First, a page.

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I write this blog post from the outdoor restaurant at Clarissa Falls on this: our last night in Belize. I am definitely sore, a bit battered, definitely sunburned in a few parts, nursing a coral scrape, but exhilarated by the experience and grateful to have had the opportunity to lead this trip.
Today was dedicated to interacting with the culture and history of western Belize. We began with a wonderful Central American style hearty breakfast and then headed off at 8AM for Cahal Pech, a Mayan site in the nearby town of San Ignacio. Our guide Diego (who studied architecture at university) led us on a tour of the site. The students loved being able to climb on the ruins and to imagine how it must have looked when 10,000 people lived there:
To give a sense of scale, see if you can spot the student near the middle of this photo of the main plaza at Cahal Pech:
We headed into the town of San Ignacio to experience a bit of local Belizean culture (while helping to stimulate the economy). We visited the farmers' market, enjoyed locally made ice cream, and purchased gifts for friends and family back home:
When then returned to Clarissa Falls for a lunch in their thatched-hut outdoor dining room. Everyone agreed they were the best tacos we've ever had (with homemade tortillas, fish, tomato, onion, cilantro, and house-made hot sauce):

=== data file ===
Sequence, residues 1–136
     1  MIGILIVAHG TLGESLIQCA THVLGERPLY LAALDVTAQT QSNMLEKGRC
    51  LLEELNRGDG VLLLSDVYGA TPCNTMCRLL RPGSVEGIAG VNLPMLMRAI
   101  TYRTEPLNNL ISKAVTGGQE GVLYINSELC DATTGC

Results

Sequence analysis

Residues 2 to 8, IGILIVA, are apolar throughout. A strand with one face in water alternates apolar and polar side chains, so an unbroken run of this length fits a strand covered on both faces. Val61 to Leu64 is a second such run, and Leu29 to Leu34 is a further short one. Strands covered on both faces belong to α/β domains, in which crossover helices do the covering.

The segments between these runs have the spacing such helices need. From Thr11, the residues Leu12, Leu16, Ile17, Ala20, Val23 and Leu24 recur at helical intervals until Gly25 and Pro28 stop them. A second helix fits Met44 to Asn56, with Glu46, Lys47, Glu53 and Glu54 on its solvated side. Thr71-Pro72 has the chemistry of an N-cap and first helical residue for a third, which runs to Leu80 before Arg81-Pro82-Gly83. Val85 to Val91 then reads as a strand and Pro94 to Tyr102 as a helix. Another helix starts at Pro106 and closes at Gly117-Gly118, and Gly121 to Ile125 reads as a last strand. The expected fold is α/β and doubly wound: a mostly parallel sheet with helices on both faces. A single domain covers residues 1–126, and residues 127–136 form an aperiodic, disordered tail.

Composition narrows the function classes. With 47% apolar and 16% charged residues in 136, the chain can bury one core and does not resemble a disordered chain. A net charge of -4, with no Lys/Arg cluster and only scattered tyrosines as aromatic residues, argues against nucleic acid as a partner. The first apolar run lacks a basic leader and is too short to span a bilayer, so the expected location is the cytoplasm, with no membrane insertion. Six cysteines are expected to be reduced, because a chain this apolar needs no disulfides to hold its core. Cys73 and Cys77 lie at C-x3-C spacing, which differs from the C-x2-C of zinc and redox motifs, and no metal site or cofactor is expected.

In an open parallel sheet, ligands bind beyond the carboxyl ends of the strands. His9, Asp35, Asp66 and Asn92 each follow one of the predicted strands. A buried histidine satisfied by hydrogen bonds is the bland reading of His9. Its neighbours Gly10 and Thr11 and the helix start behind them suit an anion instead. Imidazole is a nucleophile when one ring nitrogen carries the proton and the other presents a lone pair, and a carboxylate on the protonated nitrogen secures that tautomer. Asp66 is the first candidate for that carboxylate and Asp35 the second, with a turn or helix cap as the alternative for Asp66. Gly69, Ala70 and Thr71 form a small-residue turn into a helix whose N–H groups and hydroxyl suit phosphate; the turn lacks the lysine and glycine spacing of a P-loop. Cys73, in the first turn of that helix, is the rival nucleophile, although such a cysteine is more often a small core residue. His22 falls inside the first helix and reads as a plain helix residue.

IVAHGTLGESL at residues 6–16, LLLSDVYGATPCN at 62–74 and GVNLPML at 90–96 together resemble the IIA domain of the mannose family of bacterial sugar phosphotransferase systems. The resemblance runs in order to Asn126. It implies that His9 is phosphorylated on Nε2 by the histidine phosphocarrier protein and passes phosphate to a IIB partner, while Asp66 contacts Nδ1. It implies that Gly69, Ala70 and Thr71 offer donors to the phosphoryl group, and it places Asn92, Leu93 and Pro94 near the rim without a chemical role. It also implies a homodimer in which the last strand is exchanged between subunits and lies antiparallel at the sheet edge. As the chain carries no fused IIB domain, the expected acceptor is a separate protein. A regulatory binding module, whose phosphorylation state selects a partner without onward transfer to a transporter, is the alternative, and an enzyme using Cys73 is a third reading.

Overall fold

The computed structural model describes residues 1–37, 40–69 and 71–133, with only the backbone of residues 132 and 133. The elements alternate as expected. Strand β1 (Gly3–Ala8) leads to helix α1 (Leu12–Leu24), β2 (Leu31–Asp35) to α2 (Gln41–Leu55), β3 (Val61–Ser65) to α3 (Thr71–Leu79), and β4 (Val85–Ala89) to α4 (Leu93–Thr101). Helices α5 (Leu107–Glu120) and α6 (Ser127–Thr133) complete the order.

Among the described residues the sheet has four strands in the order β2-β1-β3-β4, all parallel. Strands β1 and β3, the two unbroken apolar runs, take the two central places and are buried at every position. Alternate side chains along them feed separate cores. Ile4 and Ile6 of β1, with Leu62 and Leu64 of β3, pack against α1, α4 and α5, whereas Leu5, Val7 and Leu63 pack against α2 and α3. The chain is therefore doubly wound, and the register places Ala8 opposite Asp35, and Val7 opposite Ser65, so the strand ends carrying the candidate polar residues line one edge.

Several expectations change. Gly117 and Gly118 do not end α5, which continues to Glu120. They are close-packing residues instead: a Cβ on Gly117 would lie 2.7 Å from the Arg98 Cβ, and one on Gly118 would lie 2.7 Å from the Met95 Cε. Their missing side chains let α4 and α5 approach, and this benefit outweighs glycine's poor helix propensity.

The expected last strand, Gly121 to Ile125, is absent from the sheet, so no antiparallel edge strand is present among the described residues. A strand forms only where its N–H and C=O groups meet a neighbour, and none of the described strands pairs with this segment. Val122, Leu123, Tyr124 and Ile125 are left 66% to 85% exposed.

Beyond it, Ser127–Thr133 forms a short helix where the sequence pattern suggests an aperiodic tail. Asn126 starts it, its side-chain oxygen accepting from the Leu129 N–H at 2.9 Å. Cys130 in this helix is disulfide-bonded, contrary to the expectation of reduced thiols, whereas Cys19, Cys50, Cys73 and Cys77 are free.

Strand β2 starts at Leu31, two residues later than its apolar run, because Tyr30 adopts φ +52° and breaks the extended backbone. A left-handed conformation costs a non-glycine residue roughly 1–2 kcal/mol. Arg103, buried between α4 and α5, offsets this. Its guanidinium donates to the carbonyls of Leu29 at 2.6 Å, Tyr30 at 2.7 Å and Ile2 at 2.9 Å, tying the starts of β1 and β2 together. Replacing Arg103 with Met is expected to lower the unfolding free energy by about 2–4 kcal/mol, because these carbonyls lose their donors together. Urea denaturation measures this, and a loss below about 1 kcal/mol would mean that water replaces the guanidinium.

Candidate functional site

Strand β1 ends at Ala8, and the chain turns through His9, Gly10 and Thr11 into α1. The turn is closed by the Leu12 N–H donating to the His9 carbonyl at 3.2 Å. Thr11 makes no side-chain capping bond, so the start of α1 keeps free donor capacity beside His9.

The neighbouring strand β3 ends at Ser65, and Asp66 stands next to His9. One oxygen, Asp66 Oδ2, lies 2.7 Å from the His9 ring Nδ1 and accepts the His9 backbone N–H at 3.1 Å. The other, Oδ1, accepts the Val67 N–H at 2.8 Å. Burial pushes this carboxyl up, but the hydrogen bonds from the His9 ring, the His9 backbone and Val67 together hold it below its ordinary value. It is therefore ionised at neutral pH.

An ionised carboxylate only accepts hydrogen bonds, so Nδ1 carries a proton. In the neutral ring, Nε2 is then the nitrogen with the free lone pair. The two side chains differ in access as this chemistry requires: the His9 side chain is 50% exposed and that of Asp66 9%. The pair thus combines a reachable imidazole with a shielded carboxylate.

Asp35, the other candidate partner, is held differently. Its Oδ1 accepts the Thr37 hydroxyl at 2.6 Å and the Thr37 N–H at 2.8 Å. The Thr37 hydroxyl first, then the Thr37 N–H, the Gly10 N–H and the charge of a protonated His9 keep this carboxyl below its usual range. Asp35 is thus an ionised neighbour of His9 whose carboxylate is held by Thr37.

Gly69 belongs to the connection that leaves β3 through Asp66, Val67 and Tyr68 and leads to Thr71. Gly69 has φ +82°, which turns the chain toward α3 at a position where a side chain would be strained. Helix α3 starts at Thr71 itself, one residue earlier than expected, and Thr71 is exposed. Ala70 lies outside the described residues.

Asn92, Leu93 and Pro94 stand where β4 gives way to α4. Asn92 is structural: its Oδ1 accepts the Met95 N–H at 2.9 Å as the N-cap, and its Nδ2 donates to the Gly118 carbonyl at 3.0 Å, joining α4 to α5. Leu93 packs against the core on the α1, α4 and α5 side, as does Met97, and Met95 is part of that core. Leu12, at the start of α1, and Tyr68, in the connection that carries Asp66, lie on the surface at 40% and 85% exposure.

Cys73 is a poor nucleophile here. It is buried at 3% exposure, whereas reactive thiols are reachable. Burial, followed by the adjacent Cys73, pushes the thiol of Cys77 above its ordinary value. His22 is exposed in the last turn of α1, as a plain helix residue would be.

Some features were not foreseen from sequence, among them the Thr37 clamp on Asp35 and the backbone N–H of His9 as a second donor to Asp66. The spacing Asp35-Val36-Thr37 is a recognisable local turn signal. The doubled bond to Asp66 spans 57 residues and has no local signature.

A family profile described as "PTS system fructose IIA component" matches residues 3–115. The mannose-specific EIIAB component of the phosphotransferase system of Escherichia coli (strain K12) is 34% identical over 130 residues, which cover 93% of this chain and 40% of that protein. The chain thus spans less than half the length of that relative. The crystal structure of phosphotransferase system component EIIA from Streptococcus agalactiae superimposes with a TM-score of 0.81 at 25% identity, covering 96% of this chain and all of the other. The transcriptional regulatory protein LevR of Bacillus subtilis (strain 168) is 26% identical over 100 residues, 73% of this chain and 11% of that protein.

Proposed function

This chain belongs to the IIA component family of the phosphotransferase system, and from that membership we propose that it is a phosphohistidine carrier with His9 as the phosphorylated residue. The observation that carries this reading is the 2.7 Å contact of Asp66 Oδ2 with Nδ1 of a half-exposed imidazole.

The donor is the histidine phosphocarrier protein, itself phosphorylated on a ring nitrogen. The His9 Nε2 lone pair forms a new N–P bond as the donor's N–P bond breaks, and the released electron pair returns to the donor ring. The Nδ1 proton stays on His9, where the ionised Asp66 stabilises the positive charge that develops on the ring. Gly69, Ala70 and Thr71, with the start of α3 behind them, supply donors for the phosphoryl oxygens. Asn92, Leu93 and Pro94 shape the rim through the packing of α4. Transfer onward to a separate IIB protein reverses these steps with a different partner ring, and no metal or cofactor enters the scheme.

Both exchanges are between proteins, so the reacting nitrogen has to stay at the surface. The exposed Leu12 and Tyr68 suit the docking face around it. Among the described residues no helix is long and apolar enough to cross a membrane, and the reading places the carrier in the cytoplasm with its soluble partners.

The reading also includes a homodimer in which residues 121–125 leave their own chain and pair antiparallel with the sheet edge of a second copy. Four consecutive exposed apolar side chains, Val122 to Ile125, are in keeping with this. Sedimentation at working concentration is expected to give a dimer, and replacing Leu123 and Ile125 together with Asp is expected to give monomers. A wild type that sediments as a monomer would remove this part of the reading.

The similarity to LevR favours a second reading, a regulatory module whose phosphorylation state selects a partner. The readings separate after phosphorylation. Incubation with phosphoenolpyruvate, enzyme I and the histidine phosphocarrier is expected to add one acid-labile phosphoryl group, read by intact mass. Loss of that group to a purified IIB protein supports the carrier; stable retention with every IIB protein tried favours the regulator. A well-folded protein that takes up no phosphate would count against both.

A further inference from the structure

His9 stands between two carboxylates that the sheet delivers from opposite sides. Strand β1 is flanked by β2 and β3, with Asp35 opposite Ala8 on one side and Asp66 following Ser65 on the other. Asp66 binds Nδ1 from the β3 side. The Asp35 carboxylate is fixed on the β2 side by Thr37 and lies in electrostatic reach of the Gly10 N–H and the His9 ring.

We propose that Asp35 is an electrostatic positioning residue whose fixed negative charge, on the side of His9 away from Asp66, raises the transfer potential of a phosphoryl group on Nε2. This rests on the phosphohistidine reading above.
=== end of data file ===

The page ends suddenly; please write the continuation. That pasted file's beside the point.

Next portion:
After lunch, we headed out for our big activity of the day: exploring Xunantunich, the largest Mayan site in Belize. We were met by a tour guide who explained what the various buildings were used for. All of us were really blown away by the size and scale of the site. The students loved climbing to the top of the 140' castillo and admiring the view into Guatemala. I heard some students say that Xunantunich was one of the highlights of the entire trip.
After Xunantunich, we were met by Chena, the owner of Clarissa Falls, who escorted us on a 90 minute walk through the rainforest back to our rooms. She pointed out traditional and medicinal plants along the way. We spotted huge iguanas on branches over the river, toucans, and howler monkeys:
By the time we returned to our rooms, it was about 4 o'clock and everyone was tired and hot. But we split into two groups for one last adventure. Four of the women went of horseback riding, while all the guys took innertubes down the river for an hour:
We all met up again for a fabulous dinner of rice/beans and chicken, and exchanged stories about the day and the whole trip. Tomorrow morning we leave on a two-hour drive to Belize International, then flights to Atlanta then Boston, then a 1.5 hour drive back to Henniker. It's hard to believe that in just over 24 hours we'll be back to our wintry routine. But I think it's also fair to say that all of us will think of Belize fondly for many years to come. Thank you to all the folks--friends, parents, relative, NEC staff and colleagues--who made this trip possible!
All our best from Belize! Thanks for reading.